In addition, blood tests are performed to see whether there is risk of bleeding. A pregnancy test will also be performed in women of childbearing age to check for pregnancy. Patients in their advanced years are advised an EKG test to rule out potential heart problems.
A stent (plastic tube) may also be placed in the ureters of some patients to allow the urine and gravel to pass normally after the ESWL is completed. A lithotripsy normally lasts for an hour. In this duration, up to 8,000 shock eaves may be transmitted on the stone. Some amount of discomfort may be there during the procedure. Painkillers may be administered to prevent this pain.
How to look after myself after an extracorporeal shock wave lithotripsy?
After a lithotripsy, the patient may pass blood along with the urine. This can last for several days to even a week. Fluid intake should be increased to help flush out any gravel (disintegrated pieces of stone) from the urinary system. Follow-up visits to a urologist are usually scheduled for about two weeks to check the success of the treatment.
Are there any risks associated with extracorporeal shock wave lithotripsy?
After an ESWL procedure, it is common to feel some amount of abdominal pain but is not a cause for concern. If the abdominal pain persists it may indicate towards an unexpected internal injury.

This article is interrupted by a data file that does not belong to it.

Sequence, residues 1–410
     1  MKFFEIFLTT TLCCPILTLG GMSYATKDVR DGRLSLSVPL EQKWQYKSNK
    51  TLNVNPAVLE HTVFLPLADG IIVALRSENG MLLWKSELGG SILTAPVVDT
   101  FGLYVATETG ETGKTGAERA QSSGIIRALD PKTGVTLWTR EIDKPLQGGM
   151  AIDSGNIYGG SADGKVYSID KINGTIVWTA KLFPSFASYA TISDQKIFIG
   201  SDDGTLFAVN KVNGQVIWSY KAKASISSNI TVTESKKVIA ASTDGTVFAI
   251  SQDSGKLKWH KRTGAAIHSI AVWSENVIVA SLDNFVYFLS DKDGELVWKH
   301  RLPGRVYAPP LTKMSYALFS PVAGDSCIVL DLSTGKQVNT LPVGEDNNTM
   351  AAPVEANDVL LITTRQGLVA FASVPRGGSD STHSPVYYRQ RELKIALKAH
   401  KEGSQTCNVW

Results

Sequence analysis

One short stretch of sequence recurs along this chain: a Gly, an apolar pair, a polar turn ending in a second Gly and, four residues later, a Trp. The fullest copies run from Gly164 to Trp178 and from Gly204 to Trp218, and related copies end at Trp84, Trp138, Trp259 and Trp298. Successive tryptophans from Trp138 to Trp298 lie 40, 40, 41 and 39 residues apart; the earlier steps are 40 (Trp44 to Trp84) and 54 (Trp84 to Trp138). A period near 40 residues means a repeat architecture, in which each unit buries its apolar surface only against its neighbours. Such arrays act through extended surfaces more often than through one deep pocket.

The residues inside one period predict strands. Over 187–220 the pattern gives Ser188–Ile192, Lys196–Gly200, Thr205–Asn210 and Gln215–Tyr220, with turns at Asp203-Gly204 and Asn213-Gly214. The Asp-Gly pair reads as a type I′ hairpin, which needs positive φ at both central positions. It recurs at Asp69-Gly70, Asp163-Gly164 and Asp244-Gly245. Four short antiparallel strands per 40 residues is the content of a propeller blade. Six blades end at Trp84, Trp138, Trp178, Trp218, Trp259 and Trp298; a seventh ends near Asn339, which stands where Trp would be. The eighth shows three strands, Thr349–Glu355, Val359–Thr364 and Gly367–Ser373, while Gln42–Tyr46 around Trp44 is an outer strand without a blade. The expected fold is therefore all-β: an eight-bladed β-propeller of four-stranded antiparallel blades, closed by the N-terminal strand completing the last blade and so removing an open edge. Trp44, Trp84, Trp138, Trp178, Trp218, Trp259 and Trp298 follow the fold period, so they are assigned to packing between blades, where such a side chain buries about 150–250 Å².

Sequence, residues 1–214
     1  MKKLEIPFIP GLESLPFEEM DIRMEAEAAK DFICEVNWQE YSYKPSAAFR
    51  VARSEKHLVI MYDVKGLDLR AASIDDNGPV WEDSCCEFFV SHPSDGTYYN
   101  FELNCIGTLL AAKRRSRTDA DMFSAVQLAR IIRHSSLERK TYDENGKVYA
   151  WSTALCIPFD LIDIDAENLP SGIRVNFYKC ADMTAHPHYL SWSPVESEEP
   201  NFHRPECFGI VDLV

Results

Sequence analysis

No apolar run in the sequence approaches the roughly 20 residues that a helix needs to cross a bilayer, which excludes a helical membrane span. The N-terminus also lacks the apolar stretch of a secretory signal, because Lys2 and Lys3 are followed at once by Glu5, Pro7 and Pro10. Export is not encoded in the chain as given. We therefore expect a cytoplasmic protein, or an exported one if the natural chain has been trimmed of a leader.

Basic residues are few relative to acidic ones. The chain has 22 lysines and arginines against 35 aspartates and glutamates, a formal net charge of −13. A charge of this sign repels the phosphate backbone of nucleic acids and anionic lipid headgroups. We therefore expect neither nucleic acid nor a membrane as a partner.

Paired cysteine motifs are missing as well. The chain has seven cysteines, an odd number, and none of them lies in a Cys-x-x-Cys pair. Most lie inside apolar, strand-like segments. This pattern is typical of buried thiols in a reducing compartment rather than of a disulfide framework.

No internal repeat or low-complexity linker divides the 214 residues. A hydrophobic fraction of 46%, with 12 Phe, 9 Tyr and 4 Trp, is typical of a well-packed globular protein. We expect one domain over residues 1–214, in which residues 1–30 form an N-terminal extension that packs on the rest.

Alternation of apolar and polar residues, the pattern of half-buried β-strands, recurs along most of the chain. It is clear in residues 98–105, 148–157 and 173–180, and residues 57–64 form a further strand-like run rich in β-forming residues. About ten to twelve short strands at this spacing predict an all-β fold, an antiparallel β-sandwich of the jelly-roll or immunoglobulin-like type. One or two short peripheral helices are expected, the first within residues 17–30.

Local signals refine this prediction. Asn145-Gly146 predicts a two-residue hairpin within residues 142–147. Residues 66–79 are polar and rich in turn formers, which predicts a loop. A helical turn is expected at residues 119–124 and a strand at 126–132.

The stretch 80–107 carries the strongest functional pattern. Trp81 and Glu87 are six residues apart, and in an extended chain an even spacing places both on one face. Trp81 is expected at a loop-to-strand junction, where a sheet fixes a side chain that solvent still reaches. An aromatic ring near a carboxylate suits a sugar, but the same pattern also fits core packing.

At times, the stone may be successfully disintegrated with the first ESWL procedure, and at other times, a repeat procedure is needed.
Some people may also be allergic to the contrast dye used in IVP, so this test is discounted for such cases. An ultrasound imaging test is advised instead.
After a successful lithotripsy procedure, the stone will be disintegrated into smaller pieces and passed through the urine, out of the body, within a few days. The patient can return to work within a few days after this procedure.
Where to get an effective extracorporeal shock wave lithotripsy performed?
It is important to select an experienced and well-trained medical expert to perform this procedure. A physician supervises or urologist will supervise this procedure as a trained technician or another individual with specialized training in urological procedures performs it.
This is an outpatient procedure and the patient is normally released the same day. There are numerous high-tech hospitals in India that offer ESWL at affordable prices. There are expert team of medical consultants and physicians who ensure that you get the best possible treatment.
Questions for the doctor:
Is the doctor certified by the relevant board in urology?
How much experienced does the doctor have for performing lithotripsy procedures? What is the complication rate of the doctor?
How to recover from extracorporeal shock wave lithotripsy?
In many cases, extracorporeal shock wave lithotripsy is done as an outpatient procedure as the recovery time is significantly short. Patients are able to resume normal everyday activities within a few days following the procedure.